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Signal Encoding Lesson 05 NETS2150/2850 http://www.ug.cs.usyd.edu.au/~nets2150/ School of IT, The University of Sydney 1 Lecture Outline Encoding schemes for digital data to transmit in digital transmission systems – NRZ schemes – Manchester schemes in LANs – AMI schemes • With scrambling for WANs use Encoding schemes for digital data to transmit in analog transmission systems – ASK Scheme – FSK Scheme – PSK Scheme 2 Various Encoding Techniques Encoding is the conversion of streams of bits into a signal (digital or analog). Categories of Encoding techniques: – Digital data, digital signal Digital transmission – Analogue data, digital signal – Digital data, analog signal Analog transmission – Analogue data, analog signal 3 Digital Data, Digital Signal (Digital to Digital) Digital signal – Discrete, discontinuous voltage pulses – Each pulse is a signal element – Binary data encoded into signal elements 4 Interpreting Signals Need to know – Timing of bits - when they start and end – Signal levels Factors affecting interpretation of signals – SNR – Data rate – Bandwidth 5 Comparison of Encoding Schemes Error detection – Can be built into signal encoding Cost and complexity – Higher signal rate (& thus data rate) lead to higher costs Clocking – Synchronizing transmitter and receiver Signal spectrum – Bandwidth requirement – Presence of dc component 6 Digital-to-Digital Encoding Schemes 3 Broad Categories: Unipolar, Polar, and Bipolar -Nonreturn to Zero-Level (NRZ-L) Magnetic Recording -Nonreturn to Zero Inverted (NRZI) -Manchester LAN -Differential Manchester -Bipolar -AMI -B8ZS WAN -HDB3 7 Nonreturn to Zero-Level (NRZ-L) Polar Encoding Two different voltages for 0 and 1 bits Voltage constant during bit interval – no transition i.e. no return to zero voltage Negative voltage for one value and positive for the other 8 Nonreturn to Zero Inverted (NRZI) Polar Transition (low to high or high to low) denotes a binary 1 No transition denotes binary 0 This is an example of differential encoding 9 NRZ 10 Differential Encoding Polar Better encoding technique Data represented by changes rather than levels More reliable detection of bit in noisy channels rather than level 11 NRZ pros and cons Pros – Easy to engineer – Make good use of bandwidth Cons – Lack of synchronisation capability – Presence of a dc component Used for digital magnetic recording Not often used for signal transmission 12 Biphase Schemes Polar- signal elements have opposite voltage level (-ve and +ve) Overcomes the limitations on NRZ codes Two biphase techniques are commonly used: – Manchester – Differential Manchester Heavily used in LAN applications 13 Biphase Scheme1: Manchester Transition in middle of each bit interval Low to high represents one High to low represents zero Used by IEEE 802.3 (Ethernet LAN) 14 Biphase Scheme 2: Differential Manchester Midbit transition is clocking only Transition at start of a bit interval represents zero No transition at start of a bit interval represents one Note: this is a differential encoding scheme Used by IEEE 802.5 (Token Ring LAN) 15 16 Biphase Pros and Cons Cons – At least one transition per bit time and possibly two – Maximum baud rate is twice NRZ – Requires more bandwidth Pros – Synchronization on mid bit transition (self clocking) – Error detection • Absence of expected transition – No dc component 17 Multilevel Binary (Bipolar) Use more than two voltage levels Bipolar-AMI (Alternate Mark Inversion) – zero represented by no line signal – one represented by positive or negative pulse – „one‟ pulses alternate in polarity – No loss of sync if a long string of ones (zeros still a problem) – Lower bandwidth – Easy error detection 18 Bipolar-AMI Encoding 19 Trade Off for Multilevel Binary Not as efficient as NRZ – Receiver must distinguish between three levels (+A, -A, 0) 20 Scrambling Technique Used to replace sequences that would produce constant voltage Produce “filling” sequence that: – Must produce enough transitions to sync – Must be recognized by receiver and replace with original – Same length as original Avoid long sequences of zero level line signal No reduction in data rate Error detection capability Two commonly used techniques are: B8ZS, and HDB3 Used for long distance transmission (WAN) 21 Bipolar With 8 Zeros Substitution (B8ZS) Based on bipolar-AMI If octet of all zeros and last voltage pulse preceding was positive, encode as 000+-0-+ If octet of all zeros and last voltage pulse preceding was negative, encode as 000-+0+- Causes two violations of AMI code - intentional – Unlikely to occur as a result of noise Receiver detects and interprets as octet of all zeros HDB3 – similar but based on 4 zeros 22 B8ZS 23 HDB3 High Density Bipolar 3 Zeros Based on bipolar-AMI String of four zeros replaced with one or two pulses 24 HDB3 Substitution Rules # of Bipolar Pulses (ones) since Last Substitution Polarity of Odd Even Preceding Pulse - 000- +00+ + 000+ -00- 25 B8ZS and HDB3 Change of polarity 26 Recap of Digital Signal Encoding Formats 0 1 NRZL High level Low level NRZI No transition at start of transition interval Bipolar-AMI No line signal +ve line signal Manchester Transition from high to low Transition from low to high in the middle of interval in the middle of interval Diff Manchester Tran at start of interval No transition at start of (always a Transition in the interval middle of interval) HDB3 Same as bipolar-AMI, except that any string of four zeros is replaced by a string with one code violation B8ZS Same as bipolar-AMI, except that any string of eight zeros are replaced by a string of two code violations 27 Digital Data, Analog Signal Some transmission media only transmit analog signals. Public telephone system – 300Hz to 3400Hz (voice frequency range) – Use modem (modulator-demodulator) 28 Digital to Analog modulation techniques: Modulation involves operation on signal characteristics: frequency, phase, amplitude. Amplitude shift keying (ASK) Frequency shift keying (FSK) Phase shift keying (PSK) 29 Modulation Techniques (digital data, analog signal) 30 Amplitude Shift Keying Values represented by different amplitudes of carrier Usually, one amplitude is zero – i.e. presence and absence of carrier is used Susceptible to sudden gain changes Inefficient Up to 1200bps on voice grade lines Used over optical fiber 31 ASK 32 Relationship between baud rate and bandwidth in ASK 33 Example 1 Find the minimum bandwidth for an ASK signal transmitting at 2000 bps. The transmission mode is half-duplex. Solution In ASK, baud rate and bit rate are the same. The baud rate is therefore 2000. An ASK signal requires a minimum bandwidth equal to its baud rate. Therefore, the minimum bandwidth is 2000 Hz. 34 Example 2 Given a bandwidth of 5000 Hz for an ASK signal, what are the baud rate and bit rate? Solution In ASK the baud rate is the same as the bandwidth, which means the baud rate is 5000. But because the baud rate and the bit rate are also the same for ASK, the bit rate is 5000 bps. 35 Example 3 Given a bandwidth of 10,000 Hz (1000 to 11,000 Hz), draw the full-duplex ASK diagram of the system. Find the carriers and the bandwidths in each direction. Assume there is no gap between the bands in the two directions. Solution For full-duplex ASK, the bandwidth for each direction is BW = 10000 / 2 = 5000 Hz The carrier frequencies can be chosen at the middle of each band (see Fig. 5.5). fc (forward) = 1000 + 5000/2 = 3500 Hz fc (backward) = 11000 – 5000/2 = 8500 Hz 36 Solution to Example 3 37 Binary Frequency Shift Keying Most common form is binary FSK (BFSK) Two binary values represented by two different frequencies (near carrier) Less susceptible to error than ASK Up to 1200bps on voice grade lines High frequency radio Even higher frequency on LANs using co-ax 38 FSK 39 Multiple FSK More than two frequencies used More bandwidth efficient More prone to error Each signalling element represents more than one bit 40 FSK on Voice Grade Line 41 Phase Shift Keying Phase of carrier signal is shifted to represent data Binary PSK – Two phases represent two binary digits Differential PSK – Phase shifted relative to previous transmission rather than some reference signal 42 PSK 43 Differential PSK 44 Performance of Digital to Analog Modulation Schemes Bandwidth – ASK and PSK bandwidth directly related to bit rate – FSK bandwidth related to data rate for lower frequencies, but to offset of modulated frequency from carrier at high frequencies – (See Stallings for math) In the presence of noise, bit error rate of PSK and QPSK are about 3dB superior 45 to ASK and FSK Summary Various encoding schemes Some used in LANs Others more suitable in WAN with scrambling Read Stallings Section 5.1 Next: Data link layer functions. 46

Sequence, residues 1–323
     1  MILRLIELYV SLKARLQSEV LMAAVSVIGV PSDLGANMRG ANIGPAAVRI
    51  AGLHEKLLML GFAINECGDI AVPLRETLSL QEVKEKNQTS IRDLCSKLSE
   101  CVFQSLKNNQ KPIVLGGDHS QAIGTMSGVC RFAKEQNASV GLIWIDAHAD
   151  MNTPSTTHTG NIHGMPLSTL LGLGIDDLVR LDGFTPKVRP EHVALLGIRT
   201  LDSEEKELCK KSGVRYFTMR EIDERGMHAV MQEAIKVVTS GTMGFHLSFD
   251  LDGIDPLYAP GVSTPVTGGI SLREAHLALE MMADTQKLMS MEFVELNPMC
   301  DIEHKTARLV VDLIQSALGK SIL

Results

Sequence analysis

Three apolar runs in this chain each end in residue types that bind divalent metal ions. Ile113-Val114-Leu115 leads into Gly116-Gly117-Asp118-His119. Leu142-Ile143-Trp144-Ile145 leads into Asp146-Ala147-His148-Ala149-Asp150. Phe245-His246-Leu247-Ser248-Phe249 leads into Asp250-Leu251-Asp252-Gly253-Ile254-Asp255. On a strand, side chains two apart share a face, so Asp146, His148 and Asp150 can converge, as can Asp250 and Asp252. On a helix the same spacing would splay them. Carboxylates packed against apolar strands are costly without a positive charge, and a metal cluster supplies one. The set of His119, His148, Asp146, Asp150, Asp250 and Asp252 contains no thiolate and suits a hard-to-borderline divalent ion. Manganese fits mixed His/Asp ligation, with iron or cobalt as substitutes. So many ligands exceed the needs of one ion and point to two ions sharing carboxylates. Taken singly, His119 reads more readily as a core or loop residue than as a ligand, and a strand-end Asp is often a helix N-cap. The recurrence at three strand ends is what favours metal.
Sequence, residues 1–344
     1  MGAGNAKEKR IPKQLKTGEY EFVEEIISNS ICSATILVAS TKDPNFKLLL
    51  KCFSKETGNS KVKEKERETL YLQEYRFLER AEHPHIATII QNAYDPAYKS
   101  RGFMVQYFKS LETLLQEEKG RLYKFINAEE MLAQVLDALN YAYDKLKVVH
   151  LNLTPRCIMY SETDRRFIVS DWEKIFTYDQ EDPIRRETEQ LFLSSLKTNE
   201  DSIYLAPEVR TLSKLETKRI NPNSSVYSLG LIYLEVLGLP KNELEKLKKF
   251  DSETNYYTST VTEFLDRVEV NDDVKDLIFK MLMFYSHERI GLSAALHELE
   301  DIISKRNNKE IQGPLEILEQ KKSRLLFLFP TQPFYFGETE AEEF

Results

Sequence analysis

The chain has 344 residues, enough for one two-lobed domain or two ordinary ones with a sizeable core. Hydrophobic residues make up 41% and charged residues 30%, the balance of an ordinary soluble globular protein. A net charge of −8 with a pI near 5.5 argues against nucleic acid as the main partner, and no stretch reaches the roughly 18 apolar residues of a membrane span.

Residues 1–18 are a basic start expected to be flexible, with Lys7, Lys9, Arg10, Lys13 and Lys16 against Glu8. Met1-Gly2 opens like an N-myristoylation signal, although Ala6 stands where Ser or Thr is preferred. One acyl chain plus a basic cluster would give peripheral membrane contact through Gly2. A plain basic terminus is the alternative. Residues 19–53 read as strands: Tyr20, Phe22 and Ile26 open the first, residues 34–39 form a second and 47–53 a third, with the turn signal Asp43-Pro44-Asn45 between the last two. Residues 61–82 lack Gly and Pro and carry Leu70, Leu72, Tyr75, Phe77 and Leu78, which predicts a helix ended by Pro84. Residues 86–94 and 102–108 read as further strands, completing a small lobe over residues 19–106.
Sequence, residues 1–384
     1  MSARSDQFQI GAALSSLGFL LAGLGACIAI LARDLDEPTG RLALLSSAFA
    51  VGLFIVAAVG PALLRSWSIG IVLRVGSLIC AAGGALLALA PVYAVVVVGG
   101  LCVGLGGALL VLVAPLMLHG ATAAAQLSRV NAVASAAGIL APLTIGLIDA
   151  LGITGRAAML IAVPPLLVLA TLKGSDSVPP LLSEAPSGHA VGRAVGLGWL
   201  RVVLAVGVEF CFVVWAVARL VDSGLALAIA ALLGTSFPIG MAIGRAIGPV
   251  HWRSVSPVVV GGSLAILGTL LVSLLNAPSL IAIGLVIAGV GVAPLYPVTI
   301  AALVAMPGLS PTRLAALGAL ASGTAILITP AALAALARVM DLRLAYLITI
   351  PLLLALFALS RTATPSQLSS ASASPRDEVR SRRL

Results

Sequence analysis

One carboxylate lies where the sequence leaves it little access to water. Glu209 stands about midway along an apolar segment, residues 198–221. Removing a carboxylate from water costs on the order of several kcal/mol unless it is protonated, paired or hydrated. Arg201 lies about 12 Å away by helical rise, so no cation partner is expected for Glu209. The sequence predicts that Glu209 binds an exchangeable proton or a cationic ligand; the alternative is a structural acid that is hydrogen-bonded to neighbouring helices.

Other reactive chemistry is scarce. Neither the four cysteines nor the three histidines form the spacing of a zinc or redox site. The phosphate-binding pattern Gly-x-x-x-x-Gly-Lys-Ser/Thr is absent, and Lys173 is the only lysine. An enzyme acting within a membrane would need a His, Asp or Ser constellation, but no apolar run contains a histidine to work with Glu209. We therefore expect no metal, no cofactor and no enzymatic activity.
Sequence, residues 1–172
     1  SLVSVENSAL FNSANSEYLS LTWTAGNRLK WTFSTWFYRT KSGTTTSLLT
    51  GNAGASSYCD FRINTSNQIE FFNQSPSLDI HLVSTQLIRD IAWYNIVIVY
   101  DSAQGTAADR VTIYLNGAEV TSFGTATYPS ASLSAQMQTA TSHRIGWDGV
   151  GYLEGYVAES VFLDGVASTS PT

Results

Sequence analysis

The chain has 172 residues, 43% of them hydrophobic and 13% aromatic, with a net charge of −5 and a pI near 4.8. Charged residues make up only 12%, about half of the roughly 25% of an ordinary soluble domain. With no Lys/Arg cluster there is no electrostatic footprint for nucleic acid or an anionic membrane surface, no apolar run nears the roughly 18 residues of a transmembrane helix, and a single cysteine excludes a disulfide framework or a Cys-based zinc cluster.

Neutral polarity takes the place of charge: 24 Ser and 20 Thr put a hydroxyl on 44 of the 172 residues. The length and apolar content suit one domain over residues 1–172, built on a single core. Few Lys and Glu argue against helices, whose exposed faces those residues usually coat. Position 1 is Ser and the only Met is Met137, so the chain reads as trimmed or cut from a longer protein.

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posted: | 11/24/2011 |